1. Choose a song from your childhood – if possible play it as you write – and allow the memories to flow. In your daybook, write down everything you can remember in a stream of consciousness. Don’t worry about grammar at this point. Stop writing when the memories begin to feel forced. After you’ve drained the memories dry, take 10 minutes (or longer if you need) and write on the best imagery, feelings, etc. If you’re ever at a loss for something to write about, come back to this exercise – but utilize a different time in your life, and repeat the drill.
  2. My favorite author, Kurt Vonnegut, once said “find your tribe.” Write for 10 minutes about “your tribe.” Who are they? How did you come together? What keeps you with this “tribe?” Have you ever left, or been left, by those whom you thought were your tribe?
  3. Speaking of favorite authors (or poets or playwrights) – take an obscure character from one of their stories/poems/plays and make them your own. Of course, if you get anything published using this character, give your favorite original writer a nod.
  4. Use these three words in what you write: Bomb/Petunia/Preacher

Remember, it’s better to steal a few minutes here or there to write a little than not to write at all!

If you get anything that you want to share, you can always share it in comments below, or contact me: lylanne[at]

See you in a week! Don’t forget to keep writing!


Writing Prompt Pit Stop: PoMoSco # 17 Spelling Bee

Welcome to Writing Prompt Pit Stop! Today is day 17 of PoMoSco, and the prompt sounds a lot more complicated than it really is. The main thing is to find your seed phrase, and then find a source text that will generate a lot of words. The way that I wrote my poem was to keep the first word in the poem the same as the first word of the seed phrase. So, I used Vonnegut’s phrase: We are what we pretend to be, so we must be careful what we pretend to be. Hence, the first words of each line of my poem starts with w a w w p t b s w m b c w w p t b.  By running my source text through the generator provided in the prompt I was able to come up with a poem I was happy with. Here is my resulting poem, “Eagles Birding: Excited Arrivals.” Enjoy!

Here is the Day 17 prompt, Spelling Bee:

You’ll need your source text and a “seed” phrase, Your seed phrase is a sentence or fragment that contains at least 20 characters, which can be related or not to your source.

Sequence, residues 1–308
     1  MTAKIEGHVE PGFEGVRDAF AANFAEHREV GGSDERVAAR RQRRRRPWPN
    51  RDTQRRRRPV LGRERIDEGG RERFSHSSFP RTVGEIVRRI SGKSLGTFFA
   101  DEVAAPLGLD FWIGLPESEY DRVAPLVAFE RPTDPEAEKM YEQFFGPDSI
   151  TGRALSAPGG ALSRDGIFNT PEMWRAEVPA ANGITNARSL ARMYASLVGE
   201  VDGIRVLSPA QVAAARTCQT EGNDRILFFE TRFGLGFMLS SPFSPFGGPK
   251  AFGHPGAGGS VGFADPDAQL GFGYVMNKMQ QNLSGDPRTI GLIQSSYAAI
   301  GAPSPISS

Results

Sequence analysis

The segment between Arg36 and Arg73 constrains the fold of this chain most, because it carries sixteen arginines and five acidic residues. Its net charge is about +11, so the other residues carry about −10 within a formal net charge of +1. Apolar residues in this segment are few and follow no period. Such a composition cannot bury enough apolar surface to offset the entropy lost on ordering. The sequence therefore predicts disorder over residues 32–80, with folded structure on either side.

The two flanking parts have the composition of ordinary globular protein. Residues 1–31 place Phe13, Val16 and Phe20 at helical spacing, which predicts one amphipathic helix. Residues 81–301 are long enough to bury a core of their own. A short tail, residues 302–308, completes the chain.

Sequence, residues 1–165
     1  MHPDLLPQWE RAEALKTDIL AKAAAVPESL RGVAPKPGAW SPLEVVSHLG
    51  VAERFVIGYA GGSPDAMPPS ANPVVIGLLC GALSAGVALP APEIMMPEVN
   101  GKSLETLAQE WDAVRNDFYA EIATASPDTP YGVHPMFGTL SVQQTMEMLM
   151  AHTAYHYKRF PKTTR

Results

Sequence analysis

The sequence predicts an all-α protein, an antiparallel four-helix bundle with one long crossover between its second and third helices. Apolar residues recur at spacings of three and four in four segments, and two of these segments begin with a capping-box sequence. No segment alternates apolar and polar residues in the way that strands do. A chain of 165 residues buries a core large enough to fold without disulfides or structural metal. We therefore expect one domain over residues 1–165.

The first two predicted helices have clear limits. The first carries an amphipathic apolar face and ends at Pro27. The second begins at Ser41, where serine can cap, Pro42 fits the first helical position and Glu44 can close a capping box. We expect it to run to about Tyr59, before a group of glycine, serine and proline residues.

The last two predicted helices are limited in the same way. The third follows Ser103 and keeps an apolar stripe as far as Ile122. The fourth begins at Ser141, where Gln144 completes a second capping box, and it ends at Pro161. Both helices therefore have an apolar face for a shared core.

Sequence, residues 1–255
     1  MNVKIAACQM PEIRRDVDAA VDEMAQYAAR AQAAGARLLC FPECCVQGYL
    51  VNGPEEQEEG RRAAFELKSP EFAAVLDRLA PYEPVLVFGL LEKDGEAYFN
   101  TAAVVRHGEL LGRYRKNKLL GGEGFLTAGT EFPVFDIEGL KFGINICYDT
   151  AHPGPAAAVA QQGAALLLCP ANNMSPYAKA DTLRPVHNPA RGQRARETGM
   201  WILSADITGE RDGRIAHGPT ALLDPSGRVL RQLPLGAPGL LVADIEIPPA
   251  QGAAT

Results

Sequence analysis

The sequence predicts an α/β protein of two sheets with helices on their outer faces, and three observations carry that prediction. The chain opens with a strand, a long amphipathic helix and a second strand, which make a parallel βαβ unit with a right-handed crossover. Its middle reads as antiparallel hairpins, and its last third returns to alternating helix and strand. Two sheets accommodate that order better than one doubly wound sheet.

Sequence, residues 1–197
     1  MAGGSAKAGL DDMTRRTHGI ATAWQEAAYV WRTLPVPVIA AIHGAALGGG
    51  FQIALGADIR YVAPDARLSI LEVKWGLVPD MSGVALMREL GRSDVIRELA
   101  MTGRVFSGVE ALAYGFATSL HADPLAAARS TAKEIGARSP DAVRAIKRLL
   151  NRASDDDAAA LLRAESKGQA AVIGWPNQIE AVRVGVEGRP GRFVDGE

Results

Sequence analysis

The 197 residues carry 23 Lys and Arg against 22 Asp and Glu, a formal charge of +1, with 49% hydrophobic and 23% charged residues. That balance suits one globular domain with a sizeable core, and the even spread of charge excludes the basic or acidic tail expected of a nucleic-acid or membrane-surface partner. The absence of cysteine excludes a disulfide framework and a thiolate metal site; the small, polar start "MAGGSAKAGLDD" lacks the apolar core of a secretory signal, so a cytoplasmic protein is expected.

For instance, if your source text is a book on baseball, you might choose “Take me out to the ballgame” as your seed phrase. If your source text is on the Beatles, you might choose, “I Want to Hold Your Hand.”

Visit the Diastic Poem Generator at Enter your seed phrase and source text in the corresponding boxes, then click “Generate.”

The program will create a “spell-through” of your text. Using the “take me out to the ballgame” example, the program will search through your text for the first word that has T in the first position (it might be a word like “the,” “travel,” or “true”) and add it to your word list. Next, it searches for a word that has “a” in the second position (e.g. “cap,” “batboy,” “game”), and so on, until it reaches the end of your seed text.

Add the results to your word bank, and keep clicking “Generate” to add additional iterations. For a more experimental text, keep the resulting text intact. Otherwise, remove text to create your poem — but try to keep the words in order.

The Found Poetry Review. PoMoSco. Prompt 17. 17 Apr 2015.

Writing Prompt Pit Stop: PoMoSco # 16 The Blender

Welcome to Writing Prompt Pit Stop! Here we are on the downward side of the PoMoSco project for National Poetry Month. It’s amazing how time flies! Today we have the 16th prompt which is a “remixing” one titled The Blender. We were to choose a source text and then put it in the link provided to mix it up. I’ve been using my favorite author, Kurt Vonnegut, for many of my prompts this year and decided that his short story “Harrison Bergeron” might be a fun one for this. I cut and pasted sections in the blender and then I generally cut it again and pasted one more time, so that the words were even mixed better. Sometimes it was more jumbled than I liked, but I ended up being able to get a fairly decent found poem from it. Here is my poem, “The United States Handicapper Was Required By Every Screen.” Enjoy!

Here is the day 16 prompt, The Blender:

Choose either a source text that already exists in digital form, or a printed text that you’re willing to type out. Next, navigate to The Text-Mixing Desk at The Lazarus Corporation (, paste your text, adjust the controls and click “Start the Mix!”

Copy down the result exactly as it comes out of the Text Mixing Desk. Repeat the mixing process with additional sections of text if you want a longer language bank to work with.

Craft your poem from the results using words IN THE ORDER they appear in the original. You may delete words but not reorder them.

The Found Poetry Review. PoMoSco. Prompt 16. 16 Apr 2015.

Writing Prompt Pit Stop: PoMoSco #7 Roll the Dice